Seriously About Pronation and Kick Serve #1

Discussion in 'Tennis Tips/Instruction' started by toly, Dec 24, 2010.

  1. toly

    toly Hall of Fame

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    Anatoly Antipin
    2. The Tennis Serve
    The serve should be one of the easiest shot. It can be done from standard position. There are no hurry, no running involved etc. On the other hand, the serve is one of the most difficult shot in tennis to learn, because there is still no clear explanation on how to build the proper serving routine. Further, I’ll try to explain the most important and difficult to understand elements of the tennis serve.
    Andy Roddick possesses one of the best serves in the world. There are some data of his performance. According to Figure 2.1 the Roddick’s right arm generates 80% of the ball speed. All others limbs actually are not very important and contribute merely 20%. Very famous American coach Vic Braden stated, "I still hear some television announcers telling the viewing audience that the server is getting such great power on the serve because he/she is jumping up to the ball and getting full extension. But, one of our coaches, John Tichy, served a 124 mph serve while on his knees. The ball went into the service box as it had enough topspin to force the proper trajectory". That’s why I mostly pay attention on the right arm and its parts actions.
    [​IMG]

    Figure2.1. Body parts contributions to the Andy Roddick serve

    To go any further, we need to know a little bit about biomechanical terminology (Figure 2.2)


    [​IMG]
    Figure 2.2. Biomechanical terms of the arm movement

    In the tennis slang, the pronation means the counterclockwise rotation of the arm (not just forearm) and the supination is the arm clockwise rotation. The forearm pronation has restricted range around 180°. If your palm is facing the floor you basically cannot pronate at all. To make the pronation possible you should supinate first. If the palm is facing the ceiling, you can produce the most efficient pronation with range around 180°. The upper arm also can pronate/supinate around 180°. This motion also is called: the internal/external rotation of the shoulder. The forearm and upper arm together can provide pronation/supination around 360°. In case of the any tennis serve, pros usually supinate first to provide appropriate pronation (around 90°). It is obvious; to maximize the pronation angular speed we should use both: forearm and upper arm counterclockwise rotation.

    Definition: The Target Plane is the plane, which includes the tennis ball during impact and the imaginary target inside of the deuce or ad tennis court. This plane should be parallel to the perpendicular to the racquet string bed during the impact. The Target Plane basically determines the boll velocity direction. We shouldn’t change amount of the pronation, because it is almost impossible to control, in order to change boll’s direction, much easier to alter direction of the Target Plane. Always keep the range of the arm pronation around 90°.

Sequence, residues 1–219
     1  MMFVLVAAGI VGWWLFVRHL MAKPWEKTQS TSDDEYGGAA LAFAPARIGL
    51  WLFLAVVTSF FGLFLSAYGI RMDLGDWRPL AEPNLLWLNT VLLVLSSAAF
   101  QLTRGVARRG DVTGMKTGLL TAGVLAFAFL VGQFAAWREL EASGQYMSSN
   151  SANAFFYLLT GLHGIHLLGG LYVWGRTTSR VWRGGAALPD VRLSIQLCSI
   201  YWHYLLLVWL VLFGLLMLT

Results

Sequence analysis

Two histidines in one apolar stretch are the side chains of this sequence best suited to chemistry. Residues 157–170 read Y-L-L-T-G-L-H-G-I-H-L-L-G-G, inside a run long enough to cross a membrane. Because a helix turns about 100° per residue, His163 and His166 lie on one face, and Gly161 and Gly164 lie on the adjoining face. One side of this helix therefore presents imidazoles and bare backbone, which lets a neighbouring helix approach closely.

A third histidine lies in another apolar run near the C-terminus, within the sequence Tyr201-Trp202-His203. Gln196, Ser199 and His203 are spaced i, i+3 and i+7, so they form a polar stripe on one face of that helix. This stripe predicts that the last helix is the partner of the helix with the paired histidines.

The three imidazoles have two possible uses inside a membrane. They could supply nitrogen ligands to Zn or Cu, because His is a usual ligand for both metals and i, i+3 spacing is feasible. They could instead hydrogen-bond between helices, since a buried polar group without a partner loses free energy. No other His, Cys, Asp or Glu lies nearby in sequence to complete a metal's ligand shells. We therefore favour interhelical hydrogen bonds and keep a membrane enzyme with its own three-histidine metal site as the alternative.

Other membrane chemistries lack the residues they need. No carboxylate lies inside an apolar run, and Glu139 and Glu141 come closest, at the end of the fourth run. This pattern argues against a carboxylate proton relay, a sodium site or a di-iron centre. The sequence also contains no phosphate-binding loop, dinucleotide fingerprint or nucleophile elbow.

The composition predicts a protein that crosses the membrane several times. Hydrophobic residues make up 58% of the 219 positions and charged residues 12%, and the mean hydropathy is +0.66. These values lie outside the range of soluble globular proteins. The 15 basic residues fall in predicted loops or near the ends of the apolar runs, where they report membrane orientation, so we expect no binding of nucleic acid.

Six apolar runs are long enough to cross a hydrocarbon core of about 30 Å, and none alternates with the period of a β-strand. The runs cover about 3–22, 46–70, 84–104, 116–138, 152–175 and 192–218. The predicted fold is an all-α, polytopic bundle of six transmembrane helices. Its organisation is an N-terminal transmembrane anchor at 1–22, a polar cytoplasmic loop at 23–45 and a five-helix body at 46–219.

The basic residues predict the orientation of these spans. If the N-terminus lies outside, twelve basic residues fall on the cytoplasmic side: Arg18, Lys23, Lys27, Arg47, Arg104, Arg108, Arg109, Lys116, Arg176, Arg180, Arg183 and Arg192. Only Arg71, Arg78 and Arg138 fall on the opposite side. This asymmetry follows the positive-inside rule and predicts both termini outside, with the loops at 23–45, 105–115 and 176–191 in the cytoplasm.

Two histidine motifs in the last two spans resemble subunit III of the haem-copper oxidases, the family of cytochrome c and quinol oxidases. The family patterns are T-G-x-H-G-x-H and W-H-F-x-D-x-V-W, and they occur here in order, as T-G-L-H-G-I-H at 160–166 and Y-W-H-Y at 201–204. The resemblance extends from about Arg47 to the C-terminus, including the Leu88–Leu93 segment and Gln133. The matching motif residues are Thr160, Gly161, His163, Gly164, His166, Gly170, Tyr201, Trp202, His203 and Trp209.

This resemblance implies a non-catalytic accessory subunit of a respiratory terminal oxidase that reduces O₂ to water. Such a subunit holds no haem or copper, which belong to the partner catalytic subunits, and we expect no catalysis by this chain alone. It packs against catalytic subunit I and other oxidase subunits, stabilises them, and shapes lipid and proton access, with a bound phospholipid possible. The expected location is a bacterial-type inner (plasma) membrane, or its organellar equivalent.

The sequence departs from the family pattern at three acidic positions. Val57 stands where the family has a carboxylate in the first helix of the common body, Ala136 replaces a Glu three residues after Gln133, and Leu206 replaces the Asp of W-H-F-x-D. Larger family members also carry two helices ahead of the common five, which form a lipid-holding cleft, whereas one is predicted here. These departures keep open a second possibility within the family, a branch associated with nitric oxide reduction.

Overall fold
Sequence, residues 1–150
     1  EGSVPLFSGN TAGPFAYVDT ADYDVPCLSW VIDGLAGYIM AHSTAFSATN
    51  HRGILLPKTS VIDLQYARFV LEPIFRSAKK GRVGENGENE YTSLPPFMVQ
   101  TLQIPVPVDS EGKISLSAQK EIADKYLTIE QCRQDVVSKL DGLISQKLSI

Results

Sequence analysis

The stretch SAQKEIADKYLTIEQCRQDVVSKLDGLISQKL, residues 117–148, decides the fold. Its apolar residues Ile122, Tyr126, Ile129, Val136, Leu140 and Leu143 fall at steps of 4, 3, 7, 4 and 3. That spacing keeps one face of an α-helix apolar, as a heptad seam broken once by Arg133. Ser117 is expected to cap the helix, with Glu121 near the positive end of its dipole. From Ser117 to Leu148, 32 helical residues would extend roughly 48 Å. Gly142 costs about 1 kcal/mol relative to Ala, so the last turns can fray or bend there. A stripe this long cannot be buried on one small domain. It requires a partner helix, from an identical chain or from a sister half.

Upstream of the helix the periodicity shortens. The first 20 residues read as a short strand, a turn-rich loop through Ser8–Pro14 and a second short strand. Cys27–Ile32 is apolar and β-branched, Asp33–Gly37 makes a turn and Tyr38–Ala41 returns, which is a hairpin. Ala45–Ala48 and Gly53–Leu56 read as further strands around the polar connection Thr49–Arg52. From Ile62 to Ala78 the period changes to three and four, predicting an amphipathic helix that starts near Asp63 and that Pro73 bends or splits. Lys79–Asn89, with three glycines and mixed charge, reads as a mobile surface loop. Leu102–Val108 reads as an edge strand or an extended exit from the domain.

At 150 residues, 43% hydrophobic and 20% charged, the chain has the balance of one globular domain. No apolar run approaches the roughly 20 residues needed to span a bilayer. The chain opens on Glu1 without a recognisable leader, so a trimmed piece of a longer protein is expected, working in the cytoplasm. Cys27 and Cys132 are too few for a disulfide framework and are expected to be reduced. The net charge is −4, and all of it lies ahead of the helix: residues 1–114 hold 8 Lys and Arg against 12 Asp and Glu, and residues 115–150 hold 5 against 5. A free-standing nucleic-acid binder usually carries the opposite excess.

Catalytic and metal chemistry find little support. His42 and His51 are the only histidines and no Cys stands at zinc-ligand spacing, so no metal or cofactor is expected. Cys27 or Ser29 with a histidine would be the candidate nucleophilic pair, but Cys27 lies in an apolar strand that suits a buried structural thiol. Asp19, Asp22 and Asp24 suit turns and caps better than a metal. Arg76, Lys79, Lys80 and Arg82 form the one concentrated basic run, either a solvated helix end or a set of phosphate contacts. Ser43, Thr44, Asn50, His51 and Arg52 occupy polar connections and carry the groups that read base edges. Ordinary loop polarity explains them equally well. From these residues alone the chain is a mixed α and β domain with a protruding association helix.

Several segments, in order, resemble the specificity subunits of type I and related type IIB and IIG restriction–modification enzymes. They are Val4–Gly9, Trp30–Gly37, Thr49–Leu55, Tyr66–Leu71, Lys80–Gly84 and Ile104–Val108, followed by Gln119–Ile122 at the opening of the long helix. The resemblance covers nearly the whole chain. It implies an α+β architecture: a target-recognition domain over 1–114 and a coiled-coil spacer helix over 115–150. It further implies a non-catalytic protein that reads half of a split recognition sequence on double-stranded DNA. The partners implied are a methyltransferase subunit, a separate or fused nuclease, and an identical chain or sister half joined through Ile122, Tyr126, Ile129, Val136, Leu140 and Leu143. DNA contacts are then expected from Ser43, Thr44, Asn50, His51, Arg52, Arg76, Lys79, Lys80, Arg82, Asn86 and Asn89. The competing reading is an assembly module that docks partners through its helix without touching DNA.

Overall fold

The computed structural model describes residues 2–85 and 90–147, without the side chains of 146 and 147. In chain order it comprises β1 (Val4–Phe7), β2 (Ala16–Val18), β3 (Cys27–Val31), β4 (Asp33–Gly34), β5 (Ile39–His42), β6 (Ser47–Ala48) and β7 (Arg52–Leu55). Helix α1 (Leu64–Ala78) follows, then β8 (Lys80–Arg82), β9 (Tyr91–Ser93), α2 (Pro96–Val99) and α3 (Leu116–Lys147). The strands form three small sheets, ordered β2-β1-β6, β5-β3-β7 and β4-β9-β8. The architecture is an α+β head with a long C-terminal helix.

2.1 The Basic Kick Serve Routine and Pronation
    Almost all of the modern instructions advise the tennis player to drop the racket in a backscratch position, provide appropriate supination, and swing up on edge like you are trying to use the side of the tennis racket to cut the ball in half. At the last second before impact, the player has to pronate the arm around 90° very quickly. In most cases the Continental grip is recommended. There are also a lot of words about legs, shoulders, trunk positioning and motion, which I’m not going to scrutinize here in detail.
    The pictures (Figure. 2.3) show the set of the video’s frames (last second before impact) taken during the pro Florent Serra’s typical kick serve and practically confirm instructions above.
    Let’s analyze these pictures and try to figure out what is really vital for the typical kick serve.
    [​IMG]
    Figure 2.3. Set of the pictures around impact Florent Serra’s kick serve
    What can I state about the body rotation? It looks like the body is more or less frozen (because it is very slow) and hence, it cannot contribute anything significant to the racquet’s velocity. But the arm itself and its parts are rotating in the different planes with the visible angular speeds.
    The arm is rotating in the vertical plane (Figure 2.3) by using mostly shoulder joint (also very slow joint). This vertical plane should be parallel to the Target Plane to provide appropriate direction of the ball’s velocity. There is also the wrist ulnar deviation, which directs the racquet upward, but this movement is not very important for the ball speed because it creates just brushing (spin) motion and I describe it later (see step 2.2).
    On the picture 2.3.1 the vertical ray with arrow indicates starting point of the arm vertical rotation. All others pictures include this starting point ray and its own ray for measuring angular movement of the arm between starting point and current position of the arm (the angle ϴ). The numbers next to these rays show degree of the angle ϴ as result of the vertical arm rotation. On pictures from 2.3.3 to 2.3.7 the symbol ΩV represents angular speed of the arm for particular frame, ft is time elapsed between any two consecutive frames, ft=3.33 msec.